Movie from 1995 starring Morgan Freeman, Brad Pitt, Kevin Spacey and Gwyneth Paltrow, about two homicide detectives (Freeman as William Somerset, a detective who is about to retire, and Pitt as David Mills, Somerset's replacement) who are investigating bizzare murders, which turn out to be linked to the Seven Deadly Sins: pride, greed, envy, wrath, gluttony, lust and sloth.

The movie is very dark, has some shocking scenes, and not a happy ending. It's far from your average Hollywood movie.

This movie is something of a masterpiece, and it awoke something in me and my friends of the time that hasn't been put to sleep since. The beauty and terror of this movie is that it's main skill is in the horror of the implied. You never get to see the killer kill anyone, you are only left to piece together everything with your own imagination, and it is so lovingly presented that you cannot fail to be touched by the sickening tragedy of each and every murder. You feel revulsion and sympathy for the Gluttony, cynical emptiness for Greed, Distaste and Shock for Sloth, and a spectrum of other emotions for each of the rest of the murders.

Kevin Spacey is superb in his role as the understated and maniacal psycho. The excellent score by Nine Inch Nails guy Trent Reznor fits the mood of the movie perfectly. The Titles and the Credits are both done in a way that discomfits you from the very start to the very end. Somersets, slow, methodical, eloquent voice dripping like molasses eases you in to the pain and misery and dejection felt at each of these. To offset all this tragedy is of course Mills (Pitt) whose energy and enthusiasm, dedication, and sheer optimism carry the movie, and inject life into it's almost serene cinematography.

The movie plays on itself, from the skin in the titles, to the lenience of the killer being explored near the end. The pain and suffering of 'innocents' brought into question by cold hard analysis and a pace that reeks of inevitability. There are also all the hallmarks of a classic in here, the lack of any distinguishing marks, it could be any American city we are seeing. The bleak view of inner city life, and the harsh background noises of everyday existence. The family troubles, and emotional tensions creeping through people's lives. The attention to detail from the 'cut kit' in the flat through to the layout of the desk in the office. The classic character types, the tension between men and women, young and old.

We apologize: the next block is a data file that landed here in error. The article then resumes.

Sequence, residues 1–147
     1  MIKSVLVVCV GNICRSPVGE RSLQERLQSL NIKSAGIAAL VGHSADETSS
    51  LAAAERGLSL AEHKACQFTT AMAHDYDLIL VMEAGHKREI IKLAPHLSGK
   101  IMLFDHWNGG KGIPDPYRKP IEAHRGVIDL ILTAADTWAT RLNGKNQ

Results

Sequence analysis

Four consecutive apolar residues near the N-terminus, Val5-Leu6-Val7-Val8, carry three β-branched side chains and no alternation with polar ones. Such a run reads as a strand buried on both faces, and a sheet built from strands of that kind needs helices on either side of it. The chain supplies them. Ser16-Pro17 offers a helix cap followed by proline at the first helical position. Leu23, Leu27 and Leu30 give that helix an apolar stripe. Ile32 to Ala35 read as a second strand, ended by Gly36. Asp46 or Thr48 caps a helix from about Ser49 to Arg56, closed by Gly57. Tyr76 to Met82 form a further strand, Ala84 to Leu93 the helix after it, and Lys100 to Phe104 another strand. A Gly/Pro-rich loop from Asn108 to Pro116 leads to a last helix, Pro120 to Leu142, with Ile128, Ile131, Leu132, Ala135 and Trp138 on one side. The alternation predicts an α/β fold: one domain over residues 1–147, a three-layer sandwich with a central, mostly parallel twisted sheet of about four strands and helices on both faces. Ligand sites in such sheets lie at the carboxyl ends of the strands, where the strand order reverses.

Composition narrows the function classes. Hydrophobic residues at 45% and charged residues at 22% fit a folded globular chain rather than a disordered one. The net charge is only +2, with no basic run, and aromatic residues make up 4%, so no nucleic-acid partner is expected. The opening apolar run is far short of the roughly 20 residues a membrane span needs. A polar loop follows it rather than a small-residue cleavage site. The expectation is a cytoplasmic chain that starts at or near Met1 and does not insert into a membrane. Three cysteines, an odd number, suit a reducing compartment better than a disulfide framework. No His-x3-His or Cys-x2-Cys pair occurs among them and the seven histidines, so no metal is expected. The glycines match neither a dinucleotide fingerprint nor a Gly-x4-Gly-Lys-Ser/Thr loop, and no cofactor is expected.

The discipline shown by Hollywood in making this movie is staggering: No romance. No cuddly Sidekick. No Explicit violence. No cute kids that get killed for fun. No happy ending. Moral ambiguity. The killer could have been right after all, he did win. Or did he? We don't know we are left to draw our own conclusions, about what was in the box, whether it was wrong to pull the trigger, what would we have done? Is it love or hate? Who knows.

The movie is superb, and has been copied several times, in style and in content, the only thing coming close in my opinion is Fight Club, but even that lacks a certain something to make it into a classic, which is something that se7en undoubtedly is.

For those of you who love the dark aspects of Se7en, I highly recommend reading screenwriter Andrew Kevin Walker's first draft of the movie. When AKW wrote this movie he was stuck working in a Tower Records and living in a shitty apartment. In writing this script he let loose all of his anger and hatred for the city, in fact he has been quoted as saying "Seven was my hate letter to New York." The first draft is much darker than the film, including more backstory into the life of John Doe and a completely different ending taking place inside a church.

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